Two common obstacles to people who want to explore cuisine are 1) money and 2) feelings of insecurity. St. Louisans as a whole seem obsessed with value in dining. They want a lot for their money -- ever seen the lines outside Cunetto's? -- and in this economic climate, they might not have much money to go around. If dining out, particularly in a fancy place, is a treat, then you want to make sure you get your money's worth.
The insecurity is something I still struggle with. What should I wear? What am I doing with all this silverware? What or how should I order? THEY KNOW I'M A FRAUD.
Really, though, I'm getting better.
If you want to alleviate such apprehensions using a single tactic, I've got two (Frenchie) words for you: prix fixe. A prix-fixe, or fixed-price, menu is when a restaurant offers a set number of courses for a set price. Sometimes it's a very limited menu; sometimes diners have their choice of dishes. In any event, it's something that, when done well, can be an amazing value, not to mention a cost-effective way to determine if a restaurant is worth your money and time.
You can tell a lot about a restaurant by how it treats diners who order the prix-fixe menu. Because these diners have made an economical choice, a restaurant's staff could choose to treat them as somehow subpar. If the staff does this, the restaurant isn't worth its salt -- or your money. Every diner that comes through the door of a restaurant should be treated well.
For example, I'm a big fan of Downtown Restaurant Week, where multiple restaurants feature a $25 prix-fixe menu, and I patronize it annually. One year, I had one of the best meals of my life at An American Place; another, a regrettable meal with a snotty server who, when asking about different, fairly egregious fuck-ups during a meal, said "What do you expect? It's Restaurant Week." I will never go to this place again, and neither will my friends who dined with me.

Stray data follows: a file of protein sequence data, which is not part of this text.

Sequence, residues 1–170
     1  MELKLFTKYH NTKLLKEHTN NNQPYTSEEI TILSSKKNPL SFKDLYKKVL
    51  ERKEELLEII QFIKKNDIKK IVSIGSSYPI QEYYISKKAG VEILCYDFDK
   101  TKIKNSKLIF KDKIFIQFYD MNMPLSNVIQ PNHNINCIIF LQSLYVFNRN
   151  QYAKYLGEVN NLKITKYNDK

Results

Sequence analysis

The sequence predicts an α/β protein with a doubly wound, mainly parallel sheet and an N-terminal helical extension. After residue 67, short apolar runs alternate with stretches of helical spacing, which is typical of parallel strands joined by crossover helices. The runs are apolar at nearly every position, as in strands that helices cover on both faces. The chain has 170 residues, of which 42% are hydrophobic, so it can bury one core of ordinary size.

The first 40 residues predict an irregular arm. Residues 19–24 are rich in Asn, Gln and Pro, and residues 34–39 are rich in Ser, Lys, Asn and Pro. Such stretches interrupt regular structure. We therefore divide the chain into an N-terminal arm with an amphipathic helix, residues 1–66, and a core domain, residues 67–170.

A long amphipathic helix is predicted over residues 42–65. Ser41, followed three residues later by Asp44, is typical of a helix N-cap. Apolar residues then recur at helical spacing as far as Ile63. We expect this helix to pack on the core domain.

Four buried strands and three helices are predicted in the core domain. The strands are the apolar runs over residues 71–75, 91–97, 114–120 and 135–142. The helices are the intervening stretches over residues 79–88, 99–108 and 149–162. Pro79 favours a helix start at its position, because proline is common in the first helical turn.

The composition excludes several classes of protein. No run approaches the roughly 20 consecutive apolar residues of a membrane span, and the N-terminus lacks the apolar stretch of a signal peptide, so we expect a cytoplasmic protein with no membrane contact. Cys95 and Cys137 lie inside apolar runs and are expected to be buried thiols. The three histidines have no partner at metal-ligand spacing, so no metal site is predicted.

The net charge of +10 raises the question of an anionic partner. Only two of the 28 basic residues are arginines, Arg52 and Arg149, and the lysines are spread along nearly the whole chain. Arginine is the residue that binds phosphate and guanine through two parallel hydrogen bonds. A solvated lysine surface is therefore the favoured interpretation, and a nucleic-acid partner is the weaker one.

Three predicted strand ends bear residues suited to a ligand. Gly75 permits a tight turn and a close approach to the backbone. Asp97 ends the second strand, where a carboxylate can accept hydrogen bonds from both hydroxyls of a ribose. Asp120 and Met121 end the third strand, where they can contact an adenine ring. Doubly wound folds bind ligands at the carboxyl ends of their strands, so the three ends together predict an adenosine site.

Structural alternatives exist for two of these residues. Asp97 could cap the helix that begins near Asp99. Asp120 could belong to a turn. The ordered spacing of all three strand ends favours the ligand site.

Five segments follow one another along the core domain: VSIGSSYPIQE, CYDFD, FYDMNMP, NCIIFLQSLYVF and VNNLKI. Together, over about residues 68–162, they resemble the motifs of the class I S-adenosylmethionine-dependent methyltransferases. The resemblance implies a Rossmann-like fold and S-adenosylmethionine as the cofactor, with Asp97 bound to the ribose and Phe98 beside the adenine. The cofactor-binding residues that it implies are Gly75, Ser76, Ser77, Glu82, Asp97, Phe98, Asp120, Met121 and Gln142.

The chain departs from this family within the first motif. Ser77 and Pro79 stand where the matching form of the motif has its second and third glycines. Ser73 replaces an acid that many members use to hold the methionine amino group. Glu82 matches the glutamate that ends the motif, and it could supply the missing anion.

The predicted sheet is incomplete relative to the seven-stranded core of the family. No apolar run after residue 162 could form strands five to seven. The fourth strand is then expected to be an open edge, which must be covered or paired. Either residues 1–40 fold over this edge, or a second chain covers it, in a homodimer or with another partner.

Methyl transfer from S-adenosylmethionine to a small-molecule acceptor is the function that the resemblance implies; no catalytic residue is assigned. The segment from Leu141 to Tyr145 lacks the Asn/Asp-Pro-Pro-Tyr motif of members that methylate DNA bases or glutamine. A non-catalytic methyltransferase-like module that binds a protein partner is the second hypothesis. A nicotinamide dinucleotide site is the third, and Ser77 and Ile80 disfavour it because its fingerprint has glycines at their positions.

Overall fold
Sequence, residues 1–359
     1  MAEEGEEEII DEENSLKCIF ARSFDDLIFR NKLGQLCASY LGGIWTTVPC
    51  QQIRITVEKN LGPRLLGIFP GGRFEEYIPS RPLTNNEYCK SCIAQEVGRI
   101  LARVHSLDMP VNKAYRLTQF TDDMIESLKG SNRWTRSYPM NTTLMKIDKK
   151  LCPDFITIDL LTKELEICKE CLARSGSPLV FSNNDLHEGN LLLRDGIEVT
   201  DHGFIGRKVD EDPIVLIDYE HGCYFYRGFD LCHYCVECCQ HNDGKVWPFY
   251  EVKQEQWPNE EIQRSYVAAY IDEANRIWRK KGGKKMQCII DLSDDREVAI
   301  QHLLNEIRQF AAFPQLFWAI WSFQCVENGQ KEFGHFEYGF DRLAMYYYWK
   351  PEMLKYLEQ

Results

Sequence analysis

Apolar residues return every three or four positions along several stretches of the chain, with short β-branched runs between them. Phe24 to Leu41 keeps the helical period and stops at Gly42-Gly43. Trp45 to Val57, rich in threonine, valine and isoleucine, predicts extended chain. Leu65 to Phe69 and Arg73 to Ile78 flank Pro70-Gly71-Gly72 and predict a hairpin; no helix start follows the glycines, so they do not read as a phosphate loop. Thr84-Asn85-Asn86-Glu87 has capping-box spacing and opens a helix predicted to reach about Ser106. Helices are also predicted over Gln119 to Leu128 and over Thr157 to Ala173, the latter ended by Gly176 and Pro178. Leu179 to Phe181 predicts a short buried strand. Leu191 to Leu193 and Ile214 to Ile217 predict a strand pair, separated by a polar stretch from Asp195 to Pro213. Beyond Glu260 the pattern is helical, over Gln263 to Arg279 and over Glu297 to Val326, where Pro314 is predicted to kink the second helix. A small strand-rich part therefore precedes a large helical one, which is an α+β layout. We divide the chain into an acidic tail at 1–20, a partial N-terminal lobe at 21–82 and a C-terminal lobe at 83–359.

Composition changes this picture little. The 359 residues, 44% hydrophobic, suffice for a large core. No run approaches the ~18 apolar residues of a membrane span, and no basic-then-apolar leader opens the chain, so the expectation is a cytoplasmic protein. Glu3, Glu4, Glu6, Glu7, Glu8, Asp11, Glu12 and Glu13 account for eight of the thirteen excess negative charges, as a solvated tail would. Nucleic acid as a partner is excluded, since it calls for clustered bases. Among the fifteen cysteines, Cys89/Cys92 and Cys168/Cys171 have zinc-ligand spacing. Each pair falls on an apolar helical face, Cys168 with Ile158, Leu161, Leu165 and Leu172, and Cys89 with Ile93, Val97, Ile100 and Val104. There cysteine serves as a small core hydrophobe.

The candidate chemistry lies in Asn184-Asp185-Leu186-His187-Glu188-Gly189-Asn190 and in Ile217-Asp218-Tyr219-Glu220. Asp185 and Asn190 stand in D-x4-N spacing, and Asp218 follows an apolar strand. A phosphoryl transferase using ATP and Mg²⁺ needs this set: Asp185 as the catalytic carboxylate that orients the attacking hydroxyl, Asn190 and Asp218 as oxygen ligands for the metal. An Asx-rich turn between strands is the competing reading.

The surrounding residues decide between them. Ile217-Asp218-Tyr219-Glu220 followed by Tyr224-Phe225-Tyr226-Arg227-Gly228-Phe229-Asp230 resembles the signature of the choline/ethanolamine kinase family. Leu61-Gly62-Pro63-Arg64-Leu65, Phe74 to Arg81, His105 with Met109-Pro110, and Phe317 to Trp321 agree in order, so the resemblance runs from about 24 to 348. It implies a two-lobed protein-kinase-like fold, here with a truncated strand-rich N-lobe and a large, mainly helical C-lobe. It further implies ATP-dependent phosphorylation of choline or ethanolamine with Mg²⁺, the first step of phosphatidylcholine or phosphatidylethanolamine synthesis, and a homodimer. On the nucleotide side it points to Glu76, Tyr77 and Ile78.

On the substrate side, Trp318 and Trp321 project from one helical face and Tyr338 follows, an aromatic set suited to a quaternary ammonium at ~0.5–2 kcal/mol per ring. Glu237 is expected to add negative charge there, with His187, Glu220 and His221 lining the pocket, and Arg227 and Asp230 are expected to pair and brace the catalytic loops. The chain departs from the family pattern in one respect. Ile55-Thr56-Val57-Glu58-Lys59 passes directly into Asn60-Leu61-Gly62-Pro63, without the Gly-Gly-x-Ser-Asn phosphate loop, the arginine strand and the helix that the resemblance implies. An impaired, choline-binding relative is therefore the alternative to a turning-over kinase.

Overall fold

is a St. Louis restaurant that does prix-fixe dining right. For $25, you get your choice of each of four courses (appetizer, pasta, entrée and dessert), and you can order right off the Italian menu. (NOT St. Louis Italian, by the way.)
I dined at Acero when it first opened and didn't have a very good experience. Our service was indifferent, the noise in the place was ridiculous, and the food was good, but not great. However, I'd heard good things about it of late, so along with my food blogger friends Annie
, and Stef
, I gave it a chance last week.
I'm glad we did. Each of us assembled a different prix-fixe combination so we could try as many dishes from the menu as possible. If you really want to get an idea of how a chef cooks, this is the route to go. Conversation about food is richer when everyone tastes each dish.
The best of Acero's choices are, hands down, the pasta selections. There were excellent gnudi that we could have eaten by the plateful. The egg raviolo was a single giant piece of pasta with a perfectly cooked poached egg inside. It was covered in a beurre blanc so good *someone* was wiping the plate with HER FINGER. And the restaurant didn't even kick us out! Our server even brought us shots! WIN. Most dishes were an all-out hit, and there was more than enough food to go around. We lingered over the food and wine and felt so damn welcome. We left waddling down Manchester.
We had enthusiastic service all around: Our waiter, Garrett, was excited that we wanted to talk food and actually listen to his spiel about from where various foods were sourced; the bartender who made excellent wine recommendations. This is the type of experience that makes people return to a restaurant. In fact, the prix-fixe menu is a fitting segue into a tasting menu, the grown-up, more decadent version where you'll find a chef's very best meal. It comes with more courses and a higher price tag, but a successful prix-fixe experience is a good indication a tasting menu might be up your alley.
Readers: Have you had a prix-fixe dining experience lately? What other places in St Louis do this well? Any places that miss the mark?Kelli Best-Oliver is on a quest to become a full-fledged foodie. She chronicles her adventures for Gut Check every Tuesday.
She writes about any damn thing she pleases at South City Confidential.